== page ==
Ep. 16: Paul McCartney sues Sony/ATV Over the Beatles’ Music Rights
James Sammataro, Managing Partner of Stroock, Stroock, & Lavan’s Miami office returns to the podcast to discuss Paul McCartney’s recent declaratory action against music publisher Sony/ATV over the ownership of some of the Beatles’ most famous songs!
Mr. McCartney’s suit involves a claim of copyright termination. Under this legal concept, authors — or any creators — have the right to reclaim ownership of their works from publishers after a specific length of time has passed. This concept originated in the 1976 Copyright Act and performers and songwriters have utilized the remedy to regain control of their work.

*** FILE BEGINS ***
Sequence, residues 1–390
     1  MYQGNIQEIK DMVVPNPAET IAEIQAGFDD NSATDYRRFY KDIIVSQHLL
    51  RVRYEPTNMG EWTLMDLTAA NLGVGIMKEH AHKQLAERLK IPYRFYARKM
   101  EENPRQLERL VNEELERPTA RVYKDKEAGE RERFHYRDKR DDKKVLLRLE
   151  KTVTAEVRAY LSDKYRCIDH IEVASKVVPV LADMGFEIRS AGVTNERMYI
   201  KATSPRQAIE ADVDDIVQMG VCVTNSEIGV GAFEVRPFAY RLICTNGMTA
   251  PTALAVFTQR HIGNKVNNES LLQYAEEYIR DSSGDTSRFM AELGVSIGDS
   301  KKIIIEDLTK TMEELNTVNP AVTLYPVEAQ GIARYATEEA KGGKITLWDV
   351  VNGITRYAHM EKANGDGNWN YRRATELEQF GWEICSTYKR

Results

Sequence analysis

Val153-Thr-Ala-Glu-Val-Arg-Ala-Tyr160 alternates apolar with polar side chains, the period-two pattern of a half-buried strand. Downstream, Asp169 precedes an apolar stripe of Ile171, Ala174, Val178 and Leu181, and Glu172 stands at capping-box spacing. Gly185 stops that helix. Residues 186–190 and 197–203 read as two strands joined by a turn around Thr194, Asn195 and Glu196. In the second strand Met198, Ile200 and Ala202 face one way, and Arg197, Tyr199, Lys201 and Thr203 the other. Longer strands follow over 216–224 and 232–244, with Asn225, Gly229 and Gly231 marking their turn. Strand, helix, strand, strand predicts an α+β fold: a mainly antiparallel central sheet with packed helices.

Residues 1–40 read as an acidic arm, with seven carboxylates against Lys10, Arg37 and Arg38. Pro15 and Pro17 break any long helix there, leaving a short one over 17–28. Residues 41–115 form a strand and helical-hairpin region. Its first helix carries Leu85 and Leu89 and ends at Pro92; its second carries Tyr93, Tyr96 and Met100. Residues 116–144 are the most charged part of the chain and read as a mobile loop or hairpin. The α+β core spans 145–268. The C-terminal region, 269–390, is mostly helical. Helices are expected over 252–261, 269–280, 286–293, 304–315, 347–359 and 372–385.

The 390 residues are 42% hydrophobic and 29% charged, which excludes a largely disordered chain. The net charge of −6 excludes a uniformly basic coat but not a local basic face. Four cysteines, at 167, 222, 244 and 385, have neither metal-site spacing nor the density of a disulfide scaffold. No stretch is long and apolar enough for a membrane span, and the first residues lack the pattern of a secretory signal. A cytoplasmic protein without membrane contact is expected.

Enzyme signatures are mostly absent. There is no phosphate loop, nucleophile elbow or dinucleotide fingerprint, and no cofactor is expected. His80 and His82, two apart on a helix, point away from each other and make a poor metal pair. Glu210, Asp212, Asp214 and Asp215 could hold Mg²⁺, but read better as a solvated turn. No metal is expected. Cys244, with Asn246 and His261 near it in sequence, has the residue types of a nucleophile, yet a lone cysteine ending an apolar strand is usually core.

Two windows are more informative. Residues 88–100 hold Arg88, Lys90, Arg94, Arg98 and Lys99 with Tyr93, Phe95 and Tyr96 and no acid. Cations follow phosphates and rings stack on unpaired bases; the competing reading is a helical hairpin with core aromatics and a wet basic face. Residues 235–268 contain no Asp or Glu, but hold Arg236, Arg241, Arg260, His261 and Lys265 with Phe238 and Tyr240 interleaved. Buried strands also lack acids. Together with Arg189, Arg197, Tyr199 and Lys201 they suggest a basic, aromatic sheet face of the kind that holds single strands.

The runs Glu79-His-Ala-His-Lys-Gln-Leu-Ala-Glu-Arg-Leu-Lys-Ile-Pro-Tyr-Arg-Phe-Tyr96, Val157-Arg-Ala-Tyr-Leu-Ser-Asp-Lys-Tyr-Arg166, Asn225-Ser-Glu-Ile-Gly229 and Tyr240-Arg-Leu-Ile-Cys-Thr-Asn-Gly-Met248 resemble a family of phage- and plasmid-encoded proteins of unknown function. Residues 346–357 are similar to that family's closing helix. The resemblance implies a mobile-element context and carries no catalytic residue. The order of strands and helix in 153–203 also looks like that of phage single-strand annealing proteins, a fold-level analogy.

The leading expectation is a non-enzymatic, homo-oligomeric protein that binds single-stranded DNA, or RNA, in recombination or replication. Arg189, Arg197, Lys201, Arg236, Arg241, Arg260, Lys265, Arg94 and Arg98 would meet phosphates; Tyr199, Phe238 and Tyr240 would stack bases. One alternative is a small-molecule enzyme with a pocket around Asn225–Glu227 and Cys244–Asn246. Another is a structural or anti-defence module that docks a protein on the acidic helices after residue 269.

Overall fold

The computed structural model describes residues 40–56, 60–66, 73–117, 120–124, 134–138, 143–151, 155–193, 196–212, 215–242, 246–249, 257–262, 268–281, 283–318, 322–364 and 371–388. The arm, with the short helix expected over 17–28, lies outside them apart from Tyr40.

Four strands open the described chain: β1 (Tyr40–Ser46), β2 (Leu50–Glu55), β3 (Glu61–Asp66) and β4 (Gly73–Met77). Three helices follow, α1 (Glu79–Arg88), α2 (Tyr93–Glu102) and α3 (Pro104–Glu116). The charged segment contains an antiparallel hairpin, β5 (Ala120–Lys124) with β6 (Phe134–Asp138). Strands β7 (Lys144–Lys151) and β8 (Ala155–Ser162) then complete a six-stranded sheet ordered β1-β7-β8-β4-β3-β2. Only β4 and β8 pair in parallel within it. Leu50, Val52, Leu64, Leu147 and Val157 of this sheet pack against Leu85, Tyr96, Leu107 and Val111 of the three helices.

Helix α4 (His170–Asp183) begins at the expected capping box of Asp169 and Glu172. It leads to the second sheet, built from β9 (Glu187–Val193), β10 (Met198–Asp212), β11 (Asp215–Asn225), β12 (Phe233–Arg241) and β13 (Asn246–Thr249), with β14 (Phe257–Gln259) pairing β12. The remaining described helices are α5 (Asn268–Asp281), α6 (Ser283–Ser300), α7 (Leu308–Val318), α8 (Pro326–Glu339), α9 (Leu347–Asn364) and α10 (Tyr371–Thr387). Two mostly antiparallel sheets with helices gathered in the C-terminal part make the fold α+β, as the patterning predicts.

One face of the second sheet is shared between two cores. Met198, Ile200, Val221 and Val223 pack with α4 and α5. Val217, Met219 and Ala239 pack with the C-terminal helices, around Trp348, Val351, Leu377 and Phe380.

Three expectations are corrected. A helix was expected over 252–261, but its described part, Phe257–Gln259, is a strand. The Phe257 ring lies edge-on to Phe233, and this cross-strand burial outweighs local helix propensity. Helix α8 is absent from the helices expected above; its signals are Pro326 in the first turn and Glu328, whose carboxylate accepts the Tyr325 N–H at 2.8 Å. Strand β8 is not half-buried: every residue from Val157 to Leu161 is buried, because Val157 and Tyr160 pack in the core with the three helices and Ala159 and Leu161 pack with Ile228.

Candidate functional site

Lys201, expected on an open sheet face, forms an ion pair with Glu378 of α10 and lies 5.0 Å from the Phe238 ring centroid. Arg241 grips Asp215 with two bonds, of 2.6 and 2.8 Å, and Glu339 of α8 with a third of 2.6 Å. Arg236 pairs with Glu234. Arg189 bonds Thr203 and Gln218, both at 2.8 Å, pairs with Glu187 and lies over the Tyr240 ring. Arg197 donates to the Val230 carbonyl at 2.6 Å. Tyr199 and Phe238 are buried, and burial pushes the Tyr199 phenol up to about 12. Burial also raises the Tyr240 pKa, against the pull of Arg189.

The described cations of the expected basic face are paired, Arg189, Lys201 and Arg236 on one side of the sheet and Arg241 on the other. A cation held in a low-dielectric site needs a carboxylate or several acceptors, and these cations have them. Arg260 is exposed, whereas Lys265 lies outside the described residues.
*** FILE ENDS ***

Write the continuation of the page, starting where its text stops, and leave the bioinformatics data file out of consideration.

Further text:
Initially, Mr. McCartney and John Lennon signed a series of publishing contracts in Britain beginning in 1962. The suit contends that in a series of remarks and emails to Mr. McCartney’s lawyers, Sony/ATV executives alluded to the recently decided Duran Duran case and refused to confirm that he could reclaim his rights in popular songs like “Love Me Do,” “I Want to Hold Your Hand” and “All You Need Is Love.”1 The suit asks for a declarative judgment that Mr. McCartney would not be violating any contract by exercising his termination rights.
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In the Duran Duran case, a judge ruled that the band’s original contract was governed by British law, which barred it from reclaiming rights in the United States. Under United States law, this power cannot be waived by contract.↩